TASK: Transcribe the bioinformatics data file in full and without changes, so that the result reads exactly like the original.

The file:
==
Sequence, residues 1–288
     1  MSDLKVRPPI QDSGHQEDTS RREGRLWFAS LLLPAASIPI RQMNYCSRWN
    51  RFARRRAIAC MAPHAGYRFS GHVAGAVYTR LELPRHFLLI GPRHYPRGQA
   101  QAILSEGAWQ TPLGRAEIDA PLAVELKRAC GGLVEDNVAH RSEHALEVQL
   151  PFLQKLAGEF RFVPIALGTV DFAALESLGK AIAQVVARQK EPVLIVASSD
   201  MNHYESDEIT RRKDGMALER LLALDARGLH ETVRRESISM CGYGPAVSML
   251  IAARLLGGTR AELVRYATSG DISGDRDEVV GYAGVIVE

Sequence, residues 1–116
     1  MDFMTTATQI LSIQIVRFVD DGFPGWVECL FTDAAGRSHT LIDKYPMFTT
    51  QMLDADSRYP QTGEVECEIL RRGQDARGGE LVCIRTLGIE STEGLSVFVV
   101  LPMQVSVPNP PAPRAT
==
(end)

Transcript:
Sequence, residues 1–288
     1  MSDLKVRPPI QDSGHQEDTS RREGRLWFAS LLLPAASIPI RQMNYCSRWN
    51  RFARRRAIAC MAPHAGYRFS GHVAGAVYTR LELPRHFLLI GPRHYPRGQA
   101  QAILSEGAWQ TPLGRAEIDA PLAVELKRAC GGLVEDNVAH RSEHALEVQL
   151  PFLQKLAGEF RFVPIALGTV DFAALESLGK AIAQVVARQK EPVLIVASSD
   201  MNHYESDEIT RRKDGMALER LLALDARGLH ETVRRESISM CGYGPAVSML
   251  IAARLLGGTR AELVRYATSG DISGDRDEVV GYAGVIVE

Sequence, residues 1–116
     1  MDFMTTATQI LSIQIVRFVD DGFPGWVECL FTDAAGRSHT LIDKYPMFTT
    51  QMLDADSRYP QTGEVECEIL RRGQDARGGE LVCIRTLGIE STEGLSVFVV
   101  LPMQVSVPNP PAPRAT